The term nostalgia derives from the Greek for homesickness. In literature, nostalgia is used to refer to a general interest in the past, or even a longing for the past and past events or ways of life. Characters in literature often experience nostalgia as they think about their pasts and events from their past. Romantic literature often contains feelings of nostalgia.
Examples of Nostalgia from literature
Wordworth's poem "I Wandered Lonely as a Cloud" has a nostalgic ending as the poet thinks back on the view of daffodils dancing in the field:
For oft, when on my couch I lie
In vacant or in pensive mood
They flash upon that inward eye
Which is the bliss of solitude;
And then my heart with pleasure fills,
And dances with the daffodils.
Nostalgia is a theme in F. Scott Fitzgerald's The Great Gatsby. Gatsby has a nostalgic longing for the past, represented by his longing for Daisy, but as the narrator Nick observes, he cannot repeat the past:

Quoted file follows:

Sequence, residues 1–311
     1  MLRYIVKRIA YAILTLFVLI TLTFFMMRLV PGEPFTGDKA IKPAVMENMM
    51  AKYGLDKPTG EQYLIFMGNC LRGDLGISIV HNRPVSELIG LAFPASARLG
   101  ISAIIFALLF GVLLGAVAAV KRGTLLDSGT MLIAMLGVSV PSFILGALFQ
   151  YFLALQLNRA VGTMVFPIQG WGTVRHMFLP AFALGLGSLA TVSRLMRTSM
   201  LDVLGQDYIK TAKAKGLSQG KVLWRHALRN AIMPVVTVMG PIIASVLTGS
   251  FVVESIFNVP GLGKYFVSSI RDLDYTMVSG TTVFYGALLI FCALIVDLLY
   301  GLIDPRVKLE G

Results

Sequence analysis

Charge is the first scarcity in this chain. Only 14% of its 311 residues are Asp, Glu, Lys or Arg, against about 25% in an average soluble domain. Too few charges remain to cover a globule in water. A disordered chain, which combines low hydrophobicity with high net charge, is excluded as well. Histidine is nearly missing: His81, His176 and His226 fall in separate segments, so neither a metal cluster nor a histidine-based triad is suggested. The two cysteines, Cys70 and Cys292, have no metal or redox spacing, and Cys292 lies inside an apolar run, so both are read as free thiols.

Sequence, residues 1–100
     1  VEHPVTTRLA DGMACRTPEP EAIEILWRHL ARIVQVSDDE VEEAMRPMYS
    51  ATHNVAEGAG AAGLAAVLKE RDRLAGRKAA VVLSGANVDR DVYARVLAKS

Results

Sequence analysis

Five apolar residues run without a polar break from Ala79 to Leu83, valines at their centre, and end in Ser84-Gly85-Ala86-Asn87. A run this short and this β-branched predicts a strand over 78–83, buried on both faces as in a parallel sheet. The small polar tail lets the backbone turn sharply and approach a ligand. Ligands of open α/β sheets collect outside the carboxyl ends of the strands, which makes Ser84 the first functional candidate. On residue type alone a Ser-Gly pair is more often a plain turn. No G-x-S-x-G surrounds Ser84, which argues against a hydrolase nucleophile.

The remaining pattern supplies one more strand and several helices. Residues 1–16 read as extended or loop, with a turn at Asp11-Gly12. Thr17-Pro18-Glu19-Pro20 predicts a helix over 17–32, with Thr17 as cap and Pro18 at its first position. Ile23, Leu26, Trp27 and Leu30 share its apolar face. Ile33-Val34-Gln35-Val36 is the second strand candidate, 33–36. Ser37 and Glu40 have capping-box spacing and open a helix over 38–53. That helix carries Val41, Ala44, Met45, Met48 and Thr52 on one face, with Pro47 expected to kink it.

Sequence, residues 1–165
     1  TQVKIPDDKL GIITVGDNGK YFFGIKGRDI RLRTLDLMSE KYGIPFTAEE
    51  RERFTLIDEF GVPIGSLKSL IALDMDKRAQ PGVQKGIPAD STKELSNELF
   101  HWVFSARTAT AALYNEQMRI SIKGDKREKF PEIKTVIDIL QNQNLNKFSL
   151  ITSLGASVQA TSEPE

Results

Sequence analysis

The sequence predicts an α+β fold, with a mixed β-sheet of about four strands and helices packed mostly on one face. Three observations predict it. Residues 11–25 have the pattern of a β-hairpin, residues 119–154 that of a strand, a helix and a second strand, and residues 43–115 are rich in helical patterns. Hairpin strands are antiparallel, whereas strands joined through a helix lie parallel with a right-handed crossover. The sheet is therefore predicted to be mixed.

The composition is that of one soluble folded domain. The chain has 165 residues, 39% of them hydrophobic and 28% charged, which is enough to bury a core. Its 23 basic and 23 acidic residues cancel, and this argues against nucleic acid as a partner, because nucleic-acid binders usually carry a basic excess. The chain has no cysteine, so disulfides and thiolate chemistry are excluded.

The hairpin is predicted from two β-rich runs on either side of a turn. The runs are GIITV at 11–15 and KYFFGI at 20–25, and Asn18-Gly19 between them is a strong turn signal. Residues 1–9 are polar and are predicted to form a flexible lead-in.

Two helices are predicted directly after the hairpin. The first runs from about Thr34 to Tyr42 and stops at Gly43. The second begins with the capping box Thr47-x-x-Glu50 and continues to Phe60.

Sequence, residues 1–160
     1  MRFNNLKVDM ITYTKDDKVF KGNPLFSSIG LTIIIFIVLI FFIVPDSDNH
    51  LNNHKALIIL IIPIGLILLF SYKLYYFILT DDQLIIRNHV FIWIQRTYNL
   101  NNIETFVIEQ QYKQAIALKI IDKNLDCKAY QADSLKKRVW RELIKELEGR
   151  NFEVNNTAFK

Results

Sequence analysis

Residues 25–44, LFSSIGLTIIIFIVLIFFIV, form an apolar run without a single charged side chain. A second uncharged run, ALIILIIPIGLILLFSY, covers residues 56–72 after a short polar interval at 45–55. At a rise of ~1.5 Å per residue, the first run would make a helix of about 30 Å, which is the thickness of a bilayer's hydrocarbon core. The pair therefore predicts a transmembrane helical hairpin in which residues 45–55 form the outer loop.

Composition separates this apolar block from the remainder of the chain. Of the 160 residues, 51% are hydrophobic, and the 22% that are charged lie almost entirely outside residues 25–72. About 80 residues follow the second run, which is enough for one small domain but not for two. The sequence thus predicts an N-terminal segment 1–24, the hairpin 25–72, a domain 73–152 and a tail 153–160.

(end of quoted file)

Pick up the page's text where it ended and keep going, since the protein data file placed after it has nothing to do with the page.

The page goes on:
He wanted to recover something, some idea of himself that perhaps had gone into loving Daisy.
The entire novel Gone with the Wind can be considered an example of nostalgia. The book was written by Margaret Mitchell in the early 1900's, and it portrays the bygone days of the antebellum South. In the novel, Scarlett goes from innocent Southern belle to a woman hardened by the realities of war. One of the quotes that demonstrates nostalgia is found in Rhett Butler's words as he and Scarlett watch Atlanta burned by Sherman's army:
Take a good look my dear. It's an historic moment you can tell your grandchildren about-how you watched the Old South fall one night.
After watching Atlanta fall, Rhett, who had declined (scandalously) to join the Confederate army up to that point, joined the army in a nostalgic gesture.
Literary Terms Examples